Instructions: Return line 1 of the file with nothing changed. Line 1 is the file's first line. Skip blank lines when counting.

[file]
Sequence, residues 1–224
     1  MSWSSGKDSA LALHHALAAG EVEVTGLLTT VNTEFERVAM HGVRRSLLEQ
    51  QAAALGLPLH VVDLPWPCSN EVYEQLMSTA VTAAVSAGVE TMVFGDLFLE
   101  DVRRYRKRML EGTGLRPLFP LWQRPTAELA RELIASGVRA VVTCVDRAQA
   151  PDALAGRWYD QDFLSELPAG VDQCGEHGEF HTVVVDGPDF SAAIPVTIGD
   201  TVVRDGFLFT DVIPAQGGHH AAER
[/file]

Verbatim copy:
Sequence, residues 1–224